NEW YORK The steel wire
rod market is humming along at a slow but constant pace, with
rod mills holding on to most of their April price increases as
demand in construction picks up for the spring, sources told
"Its still sluggish, but
there seems to be an underlying positive message in all this,"
one mill source said.
Domestic steel mills are holding
on to most of their $35- to $40-per-ton ($1.75- to
$2-per-hundredweight) wire rod price hikes announced for April
1 shipments (
amm.com, March 29), sources said, with prices up
between $25 and $40 per ton from pre-increase levels depending
on tonnage and vendor.
Sources reported most
mesh-quality low-carbon wire rod sales at $690 per ton ($34.50
per cwt) f.o.b. mill this past week, industrial-quality
low-carbon rod at $700 per ton ($35 per cwt), high-carbon wire
rod at $735 per ton ($36.75 per cwt) and cold-heading quality
material at $790 per ton ($39.50 per cwt), with certain pricing
leaders securing more of the increase and others offering more
"As much as $2 (per cwt) has
stuck (but) it seems to me theyre getting half back when
were negotiating prices to back down," a large rod buyer
in the Midwest said.
Generally "$25 to $30 (per ton )
is sticking up," the mill source said of the announced April 1
price increases, while others reported a full $40-per-ton
increase at some mills.
Some rod buyers, particularly
those serving the construction market, said they were starting
to buy more material from domestic mills, while others said
they couldnt afford the price increase and were
increasingly looking to import material.
Construction demand is beginning
to pick up after a long winter across several key regions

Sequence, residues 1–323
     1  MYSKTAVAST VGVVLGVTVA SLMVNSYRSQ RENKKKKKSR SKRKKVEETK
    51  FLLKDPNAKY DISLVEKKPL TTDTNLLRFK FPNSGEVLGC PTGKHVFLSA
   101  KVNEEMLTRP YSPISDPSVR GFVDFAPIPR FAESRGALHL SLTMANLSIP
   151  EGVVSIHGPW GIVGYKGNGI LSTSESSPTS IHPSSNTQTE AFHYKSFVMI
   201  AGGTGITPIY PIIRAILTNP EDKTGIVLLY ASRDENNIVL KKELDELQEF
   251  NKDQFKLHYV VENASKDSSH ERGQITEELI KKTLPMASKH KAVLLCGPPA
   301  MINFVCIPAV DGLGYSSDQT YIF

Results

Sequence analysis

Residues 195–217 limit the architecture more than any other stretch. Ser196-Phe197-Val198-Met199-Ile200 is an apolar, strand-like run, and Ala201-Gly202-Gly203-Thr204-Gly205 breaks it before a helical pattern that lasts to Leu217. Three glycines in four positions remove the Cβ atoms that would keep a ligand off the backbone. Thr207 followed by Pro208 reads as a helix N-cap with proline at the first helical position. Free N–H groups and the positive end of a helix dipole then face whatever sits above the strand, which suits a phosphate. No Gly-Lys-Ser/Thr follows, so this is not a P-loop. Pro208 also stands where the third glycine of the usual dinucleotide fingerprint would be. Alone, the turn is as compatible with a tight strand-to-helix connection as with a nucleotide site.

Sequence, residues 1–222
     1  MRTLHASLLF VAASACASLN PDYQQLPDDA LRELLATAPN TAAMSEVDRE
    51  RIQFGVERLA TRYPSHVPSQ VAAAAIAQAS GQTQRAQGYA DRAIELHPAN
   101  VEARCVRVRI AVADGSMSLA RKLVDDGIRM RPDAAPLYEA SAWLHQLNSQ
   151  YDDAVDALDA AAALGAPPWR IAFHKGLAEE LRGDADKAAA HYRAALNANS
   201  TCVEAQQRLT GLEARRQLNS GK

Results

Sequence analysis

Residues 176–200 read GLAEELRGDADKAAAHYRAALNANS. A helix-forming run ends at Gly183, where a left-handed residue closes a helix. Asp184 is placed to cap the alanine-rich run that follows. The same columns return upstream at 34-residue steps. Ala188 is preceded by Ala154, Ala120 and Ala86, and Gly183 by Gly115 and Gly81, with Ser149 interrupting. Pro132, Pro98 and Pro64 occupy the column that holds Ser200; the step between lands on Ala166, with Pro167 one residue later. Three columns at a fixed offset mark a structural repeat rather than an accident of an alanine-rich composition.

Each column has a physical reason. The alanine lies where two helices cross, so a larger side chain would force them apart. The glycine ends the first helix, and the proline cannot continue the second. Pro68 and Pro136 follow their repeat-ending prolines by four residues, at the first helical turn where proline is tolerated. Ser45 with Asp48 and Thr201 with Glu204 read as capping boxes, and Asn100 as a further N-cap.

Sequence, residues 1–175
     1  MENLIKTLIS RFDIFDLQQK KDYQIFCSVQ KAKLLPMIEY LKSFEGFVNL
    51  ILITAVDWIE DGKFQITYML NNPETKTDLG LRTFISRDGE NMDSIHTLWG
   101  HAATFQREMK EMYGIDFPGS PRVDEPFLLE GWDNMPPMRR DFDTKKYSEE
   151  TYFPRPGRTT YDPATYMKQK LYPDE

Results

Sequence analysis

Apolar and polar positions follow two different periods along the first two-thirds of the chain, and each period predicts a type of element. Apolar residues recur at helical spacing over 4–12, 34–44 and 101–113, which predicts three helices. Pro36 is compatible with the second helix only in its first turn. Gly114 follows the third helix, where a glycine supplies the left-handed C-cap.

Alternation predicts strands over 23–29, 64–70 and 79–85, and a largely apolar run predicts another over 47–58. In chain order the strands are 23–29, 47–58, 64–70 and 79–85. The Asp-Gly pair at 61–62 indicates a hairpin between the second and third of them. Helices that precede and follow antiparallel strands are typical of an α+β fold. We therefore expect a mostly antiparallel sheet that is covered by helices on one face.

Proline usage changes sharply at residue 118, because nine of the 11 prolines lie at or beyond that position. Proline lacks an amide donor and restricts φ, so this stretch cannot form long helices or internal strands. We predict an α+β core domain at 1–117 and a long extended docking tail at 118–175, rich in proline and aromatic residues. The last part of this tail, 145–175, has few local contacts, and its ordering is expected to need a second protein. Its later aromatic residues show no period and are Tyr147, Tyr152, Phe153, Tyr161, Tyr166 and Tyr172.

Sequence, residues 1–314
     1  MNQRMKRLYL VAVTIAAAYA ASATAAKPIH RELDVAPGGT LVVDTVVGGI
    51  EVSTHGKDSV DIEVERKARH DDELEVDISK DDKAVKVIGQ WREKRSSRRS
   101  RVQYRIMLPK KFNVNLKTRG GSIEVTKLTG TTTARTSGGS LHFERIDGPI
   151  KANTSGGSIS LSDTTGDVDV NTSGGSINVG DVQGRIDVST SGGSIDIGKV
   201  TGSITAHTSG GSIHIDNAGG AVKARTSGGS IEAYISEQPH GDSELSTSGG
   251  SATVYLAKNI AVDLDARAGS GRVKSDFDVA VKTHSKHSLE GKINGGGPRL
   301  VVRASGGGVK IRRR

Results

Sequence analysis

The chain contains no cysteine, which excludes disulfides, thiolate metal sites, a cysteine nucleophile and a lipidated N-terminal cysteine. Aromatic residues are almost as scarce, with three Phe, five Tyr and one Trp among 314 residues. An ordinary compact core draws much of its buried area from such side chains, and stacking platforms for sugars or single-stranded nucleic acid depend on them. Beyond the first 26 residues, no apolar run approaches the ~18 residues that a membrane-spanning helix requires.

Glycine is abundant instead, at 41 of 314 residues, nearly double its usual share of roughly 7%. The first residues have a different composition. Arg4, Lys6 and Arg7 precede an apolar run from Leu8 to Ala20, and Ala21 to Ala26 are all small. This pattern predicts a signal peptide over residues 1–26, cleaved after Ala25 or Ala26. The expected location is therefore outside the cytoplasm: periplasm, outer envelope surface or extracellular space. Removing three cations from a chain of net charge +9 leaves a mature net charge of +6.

delayed the beginning of the construction season, sources said.
Wire drawers selling into housing and larger construction
projects said they are seeing business slowly improve, although
those serving industrial applications said they are still
"Were getting a pretty
strong order backlog thats been better than we expected,"
according to one wire drawer for construction applications,
noting that he was buying extra material for May to meet
"Weve seen demand only in
construction products pick up," a wire drawer in the South
But for industrial applications,
demand is tepid and buyers are turning to cheaper imports to
battle thinning margins.
"(Sales of) low-carbon
industrial wire have been flat," the buyer in the South
Several buyers reported
delivered mesh-quality import prices as cheap as $580 per ton
($29 per cwt) and said they were relying increasingly on
imports in order to stay profitable.
"The market is soft in terms of
customer demand and its hand-to-mouth (purchasing).
Nobodys bring in inventory unless they need it. Its
very cutthroat," a rod buyer in the Midwest said. "We
didnt buy any domestic steel for April because we
didnt need to and we couldnt afford it."